Russian Technology Advancements for Waste Mixing and Retrieval

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Engineers at the Mining and Chemical Combine nuclear facility, located in Zheleznogorsk, Russia, have developed a pulsating mixer/sluicer to mobilize a layer of consolidated, hardened sludge at the bottom of their 12-m-diameter by 30-m-high nuclear waste tanks. This waste has resisted mobilization by conventional sluicing jets. The new pulsating mixer/sluicer draws tank liquid into a pressure vessel, then expels it at elevated pressure either through a set of submerged mixing jets or a steerable through-air jet. Four versions (or generations) of this technology have been developed. Following testing of three other Russian mobilization and transfer systems at Pacific Northwest National ... continued below

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10 pages

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Gibbons, P. W.; Albert, T. E. & Barakov, B. February 26, 2002.

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Description

Engineers at the Mining and Chemical Combine nuclear facility, located in Zheleznogorsk, Russia, have developed a pulsating mixer/sluicer to mobilize a layer of consolidated, hardened sludge at the bottom of their 12-m-diameter by 30-m-high nuclear waste tanks. This waste has resisted mobilization by conventional sluicing jets. The new pulsating mixer/sluicer draws tank liquid into a pressure vessel, then expels it at elevated pressure either through a set of submerged mixing jets or a steerable through-air jet. Four versions (or generations) of this technology have been developed. Following testing of three other Russian mobilization and transfer systems at Pacific Northwest National Laboratory, a first generation of the new pulsating mixer/sluicer was identified for possible waste retrieval applications in U.S. high-level waste tanks (1). A second-generation pulsating mixer/sluicer was developed and successfully deployed in Tank TH-4 at the Oak Ridge Reservation, located in Tennessee, United States (2). A third-generation pulsating mixer/sluicer with a dual nozzle design was developed and is being tested for possible use by the Hanford Site's River Protection Project to retrieve waste from Tank 241-S-102, a single-shell tank containing radioactive saltcake and sludge. In cooperation with the U.S. Department of Energy Tanks Focus Area, the Mining and Chemical Combine is conducting cold (that is, nonradioactive) tests and demonstrations of the third-generation system in 2001 and 2002. This work is being conducted through the Tank Retrieval and Closure Demonstration Center, which is sponsored by the National Nuclear Safety Administration's Office of Arms Control and Nonproliferation (NN-40). A fourth-generation dual-nozzle pulsating mixer/sluicer is undergoing cold testing for use at the Mining and Chemical Combine to retrieve radioactive sludge there in 2004.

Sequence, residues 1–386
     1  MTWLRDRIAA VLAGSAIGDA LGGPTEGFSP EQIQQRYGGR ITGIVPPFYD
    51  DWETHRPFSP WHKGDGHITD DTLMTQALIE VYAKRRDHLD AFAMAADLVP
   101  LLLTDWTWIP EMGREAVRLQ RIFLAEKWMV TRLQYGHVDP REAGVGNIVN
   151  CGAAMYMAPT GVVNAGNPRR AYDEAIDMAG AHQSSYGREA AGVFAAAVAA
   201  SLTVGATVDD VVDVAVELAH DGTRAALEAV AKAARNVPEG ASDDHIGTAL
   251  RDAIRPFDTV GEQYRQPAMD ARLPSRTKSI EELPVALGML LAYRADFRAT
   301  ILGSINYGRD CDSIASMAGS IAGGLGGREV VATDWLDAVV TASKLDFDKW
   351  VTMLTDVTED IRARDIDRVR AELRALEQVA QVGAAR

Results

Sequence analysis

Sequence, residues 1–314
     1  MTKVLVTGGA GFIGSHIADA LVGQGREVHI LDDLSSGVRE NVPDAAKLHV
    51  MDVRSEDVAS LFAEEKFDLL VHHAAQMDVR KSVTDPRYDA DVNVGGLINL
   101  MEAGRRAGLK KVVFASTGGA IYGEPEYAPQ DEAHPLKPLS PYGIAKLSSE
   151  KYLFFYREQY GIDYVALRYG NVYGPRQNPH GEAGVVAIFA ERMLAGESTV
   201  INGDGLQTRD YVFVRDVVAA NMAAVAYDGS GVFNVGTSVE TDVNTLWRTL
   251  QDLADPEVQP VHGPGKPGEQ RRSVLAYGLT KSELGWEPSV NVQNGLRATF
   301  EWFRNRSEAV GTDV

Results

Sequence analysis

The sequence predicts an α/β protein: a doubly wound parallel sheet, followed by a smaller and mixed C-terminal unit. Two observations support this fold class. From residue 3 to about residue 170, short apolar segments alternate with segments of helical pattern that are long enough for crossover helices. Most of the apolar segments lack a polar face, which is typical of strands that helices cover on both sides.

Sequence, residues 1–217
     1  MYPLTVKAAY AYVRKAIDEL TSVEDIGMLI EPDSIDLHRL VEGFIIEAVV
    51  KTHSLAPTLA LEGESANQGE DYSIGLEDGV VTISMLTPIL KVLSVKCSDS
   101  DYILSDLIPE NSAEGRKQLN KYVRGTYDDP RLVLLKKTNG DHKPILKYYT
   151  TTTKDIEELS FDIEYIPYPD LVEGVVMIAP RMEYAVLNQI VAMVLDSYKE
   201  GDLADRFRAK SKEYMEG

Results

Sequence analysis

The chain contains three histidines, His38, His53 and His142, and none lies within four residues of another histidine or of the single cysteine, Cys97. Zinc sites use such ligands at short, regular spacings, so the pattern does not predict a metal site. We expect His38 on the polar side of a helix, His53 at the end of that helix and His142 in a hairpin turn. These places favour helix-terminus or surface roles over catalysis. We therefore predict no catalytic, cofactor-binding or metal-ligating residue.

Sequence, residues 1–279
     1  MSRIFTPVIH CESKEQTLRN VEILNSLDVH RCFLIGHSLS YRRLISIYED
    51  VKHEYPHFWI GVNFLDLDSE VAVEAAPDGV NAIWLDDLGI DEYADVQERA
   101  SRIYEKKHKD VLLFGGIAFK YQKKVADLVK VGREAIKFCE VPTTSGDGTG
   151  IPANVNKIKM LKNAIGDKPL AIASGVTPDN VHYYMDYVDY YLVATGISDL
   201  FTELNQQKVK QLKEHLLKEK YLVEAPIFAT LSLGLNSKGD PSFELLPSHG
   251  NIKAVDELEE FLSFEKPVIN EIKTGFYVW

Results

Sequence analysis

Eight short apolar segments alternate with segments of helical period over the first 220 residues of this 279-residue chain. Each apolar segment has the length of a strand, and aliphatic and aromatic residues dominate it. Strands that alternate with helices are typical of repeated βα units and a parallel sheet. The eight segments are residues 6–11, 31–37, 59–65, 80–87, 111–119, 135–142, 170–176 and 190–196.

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10 pages

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  • Waste Management 2002 Symposium, Tucson, AZ (US), 02/24/2002--02/28/2002

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  • Report No.: none
  • Grant Number: DE-AC06-96RL13200
  • Office of Scientific & Technical Information Report Number: 833584
  • Archival Resource Key: ark:/67531/metadc786070

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Office of Scientific & Technical Information Technical Reports

Reports, articles and other documents harvested from the Office of Scientific and Technical Information.

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  • February 26, 2002

Added to The UNT Digital Library

  • Dec. 3, 2015, 9:30 a.m.

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  • June 17, 2016, 1:55 p.m.

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Gibbons, P. W.; Albert, T. E. & Barakov, B. Russian Technology Advancements for Waste Mixing and Retrieval, article, February 26, 2002; Tucson, Arizona. (digital.library.unt.edu/ark:/67531/metadc786070/: accessed October 21, 2018), University of North Texas Libraries, Digital Library, digital.library.unt.edu; crediting UNT Libraries Government Documents Department.